The Government has announced the four life-shortening conditions that will allow people impacted by them early access to their KiwiSaver funds.
Anyone with Down syndrome, cerebral palsy, Huntington's disease or fetal alcohol spectrum disorder will from March now be able to access their funds earlier than 65 as life expectancy is lower than other people.
The initiative was spurred by Auckland man Tim Fairhall - with support from his mother, Joan - who has Down syndrome.
The Herald first reported Tim Fairhall's plight in 2018 after he had saved up $8000 in his KiwiSaver account from his supermarket job and always dreamt of visiting his brother overseas.
The pair fought for changes to KiwiSaver rules and got exactly that in 2019 with a law change.
Today, Commerce and Consumer Affairs Minister David Clark confirmed the four conditions that would qualify for the rule change and also the date from which the regulations under the KiwiSaver Act 2006 come into effect - March 26.
As well as the four conditions, Clark said there would be an "alternative withdrawal process" in place for those with other congenital life-shortening conditions.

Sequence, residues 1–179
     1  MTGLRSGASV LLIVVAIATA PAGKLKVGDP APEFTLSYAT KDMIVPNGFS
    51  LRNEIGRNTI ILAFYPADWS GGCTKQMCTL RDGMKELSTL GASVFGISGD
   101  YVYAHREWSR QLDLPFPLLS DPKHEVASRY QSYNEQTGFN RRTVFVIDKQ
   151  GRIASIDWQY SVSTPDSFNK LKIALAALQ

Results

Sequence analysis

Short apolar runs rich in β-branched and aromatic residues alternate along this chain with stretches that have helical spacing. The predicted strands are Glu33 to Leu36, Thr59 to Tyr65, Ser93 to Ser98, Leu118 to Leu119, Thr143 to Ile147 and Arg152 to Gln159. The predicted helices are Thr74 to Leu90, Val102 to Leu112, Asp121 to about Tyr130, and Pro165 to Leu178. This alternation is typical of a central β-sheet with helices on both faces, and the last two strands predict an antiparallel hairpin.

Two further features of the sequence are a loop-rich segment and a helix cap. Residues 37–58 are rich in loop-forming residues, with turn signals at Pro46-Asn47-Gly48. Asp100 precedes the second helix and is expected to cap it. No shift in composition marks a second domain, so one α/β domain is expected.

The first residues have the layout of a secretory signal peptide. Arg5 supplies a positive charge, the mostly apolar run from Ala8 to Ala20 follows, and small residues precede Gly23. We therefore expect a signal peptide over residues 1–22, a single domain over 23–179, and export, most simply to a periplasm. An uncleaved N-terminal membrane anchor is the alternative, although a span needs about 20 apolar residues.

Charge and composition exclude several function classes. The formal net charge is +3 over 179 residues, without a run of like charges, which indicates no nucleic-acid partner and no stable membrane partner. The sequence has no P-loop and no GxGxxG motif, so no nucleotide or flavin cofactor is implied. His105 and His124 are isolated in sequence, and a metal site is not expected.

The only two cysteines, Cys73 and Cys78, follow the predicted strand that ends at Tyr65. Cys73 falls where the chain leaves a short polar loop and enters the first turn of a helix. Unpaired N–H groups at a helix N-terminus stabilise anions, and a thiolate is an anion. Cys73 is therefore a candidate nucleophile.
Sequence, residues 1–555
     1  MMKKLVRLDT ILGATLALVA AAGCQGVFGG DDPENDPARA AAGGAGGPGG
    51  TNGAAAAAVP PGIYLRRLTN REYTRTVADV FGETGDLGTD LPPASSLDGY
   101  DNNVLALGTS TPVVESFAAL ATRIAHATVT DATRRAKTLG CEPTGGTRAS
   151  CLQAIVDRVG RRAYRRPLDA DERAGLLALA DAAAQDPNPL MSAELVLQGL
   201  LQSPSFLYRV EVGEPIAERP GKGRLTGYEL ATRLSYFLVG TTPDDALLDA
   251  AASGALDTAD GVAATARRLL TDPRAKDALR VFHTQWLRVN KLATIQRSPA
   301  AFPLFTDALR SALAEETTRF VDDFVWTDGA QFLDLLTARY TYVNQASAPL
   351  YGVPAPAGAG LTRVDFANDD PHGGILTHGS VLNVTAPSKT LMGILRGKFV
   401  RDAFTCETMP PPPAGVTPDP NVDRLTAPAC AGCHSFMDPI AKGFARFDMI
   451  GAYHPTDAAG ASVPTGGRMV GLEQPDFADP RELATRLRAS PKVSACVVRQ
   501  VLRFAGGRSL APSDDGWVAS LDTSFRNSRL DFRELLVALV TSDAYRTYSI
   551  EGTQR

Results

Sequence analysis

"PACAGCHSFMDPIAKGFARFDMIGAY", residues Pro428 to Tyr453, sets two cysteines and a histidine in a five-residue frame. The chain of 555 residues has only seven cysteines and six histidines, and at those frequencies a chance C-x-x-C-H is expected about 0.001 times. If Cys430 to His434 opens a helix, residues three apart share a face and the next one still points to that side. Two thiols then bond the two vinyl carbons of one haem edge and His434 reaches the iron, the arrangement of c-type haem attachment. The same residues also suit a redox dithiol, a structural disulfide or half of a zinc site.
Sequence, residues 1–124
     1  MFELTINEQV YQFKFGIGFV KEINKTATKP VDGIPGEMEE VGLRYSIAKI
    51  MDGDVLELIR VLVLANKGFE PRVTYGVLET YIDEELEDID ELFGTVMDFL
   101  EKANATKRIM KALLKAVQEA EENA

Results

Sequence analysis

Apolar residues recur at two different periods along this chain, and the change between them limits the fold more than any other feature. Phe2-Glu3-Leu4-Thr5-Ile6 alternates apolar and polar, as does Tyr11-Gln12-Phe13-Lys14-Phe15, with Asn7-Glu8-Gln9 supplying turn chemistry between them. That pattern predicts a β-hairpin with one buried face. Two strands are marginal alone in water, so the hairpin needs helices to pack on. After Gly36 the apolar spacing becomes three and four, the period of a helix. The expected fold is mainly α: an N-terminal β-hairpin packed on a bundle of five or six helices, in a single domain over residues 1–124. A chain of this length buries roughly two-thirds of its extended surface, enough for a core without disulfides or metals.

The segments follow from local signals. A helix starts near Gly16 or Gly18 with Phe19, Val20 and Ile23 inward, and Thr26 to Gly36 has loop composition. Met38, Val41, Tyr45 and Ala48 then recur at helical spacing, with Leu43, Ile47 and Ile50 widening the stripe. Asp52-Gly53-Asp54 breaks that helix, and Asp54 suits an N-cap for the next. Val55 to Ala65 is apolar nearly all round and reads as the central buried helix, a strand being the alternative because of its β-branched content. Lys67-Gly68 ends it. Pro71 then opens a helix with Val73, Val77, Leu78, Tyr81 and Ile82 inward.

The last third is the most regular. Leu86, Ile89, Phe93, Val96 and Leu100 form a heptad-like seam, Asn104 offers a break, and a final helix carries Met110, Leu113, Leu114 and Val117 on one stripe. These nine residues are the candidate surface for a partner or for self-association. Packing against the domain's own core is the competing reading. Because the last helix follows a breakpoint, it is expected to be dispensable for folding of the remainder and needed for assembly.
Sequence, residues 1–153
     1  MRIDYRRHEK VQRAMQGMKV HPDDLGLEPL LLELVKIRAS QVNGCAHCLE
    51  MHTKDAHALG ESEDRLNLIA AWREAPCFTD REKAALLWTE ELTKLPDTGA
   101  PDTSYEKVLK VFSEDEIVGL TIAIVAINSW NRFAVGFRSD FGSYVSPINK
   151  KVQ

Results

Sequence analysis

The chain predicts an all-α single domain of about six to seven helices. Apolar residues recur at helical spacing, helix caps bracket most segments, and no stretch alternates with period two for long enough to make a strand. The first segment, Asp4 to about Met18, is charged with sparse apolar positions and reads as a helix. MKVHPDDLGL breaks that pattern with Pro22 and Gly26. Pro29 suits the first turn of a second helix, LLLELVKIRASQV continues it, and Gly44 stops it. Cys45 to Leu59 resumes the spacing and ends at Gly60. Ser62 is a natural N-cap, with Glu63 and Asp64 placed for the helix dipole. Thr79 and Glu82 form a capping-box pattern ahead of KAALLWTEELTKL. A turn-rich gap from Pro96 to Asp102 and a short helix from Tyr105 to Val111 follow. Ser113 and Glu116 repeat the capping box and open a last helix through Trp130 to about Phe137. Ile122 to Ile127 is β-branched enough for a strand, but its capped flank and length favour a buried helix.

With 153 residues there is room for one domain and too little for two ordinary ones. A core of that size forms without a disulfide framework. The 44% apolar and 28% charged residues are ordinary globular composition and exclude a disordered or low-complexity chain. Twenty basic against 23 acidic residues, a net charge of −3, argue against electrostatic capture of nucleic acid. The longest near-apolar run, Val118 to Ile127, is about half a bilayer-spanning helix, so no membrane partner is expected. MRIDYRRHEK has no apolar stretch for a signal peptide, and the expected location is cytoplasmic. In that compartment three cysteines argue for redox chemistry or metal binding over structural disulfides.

"People with these conditions are automatically entitled to apply to withdraw from their fund at a time that is right for them to retire, rather than once they turn 65.
"The conditions on the list were approved because they are known to shorten a person's life expectancy below 65 years," Clark said.
"For others born with life-shortening congenital conditions – these might be rarer conditions, for example – withdrawal is still available under the new provisions.
"In this case, the only additional requirement is for a medical practitioner to verify that the person suffers from a life-shortening congenital condition."
To qualify, people would have to complete a statutory declaration that their funds would be released as if they had reached 65 and that they are no longer eligible to receive any further contributions together with medical evidence verifying their life-shortening congenital condition.
Clark said the list of conditions was developed in consultation with health and disability experts and were expected to form the majority of applications under the new withdrawal category.
"However, the flexibility exists for the Government to review the list periodically in consultation with experts to ensure it is up-to-date."
Clark today labelled the Fairhalls as "fearless advocates" for their work.
"The announcement today is a further testament to Tim and Joan's work. It's only right that the KiwiSaver scheme is fairer for everyone, and the Government has made changes to ensure that happens."
Joan Fairhall told the Herald her son knows he has made a difference to many people and is pleased for them.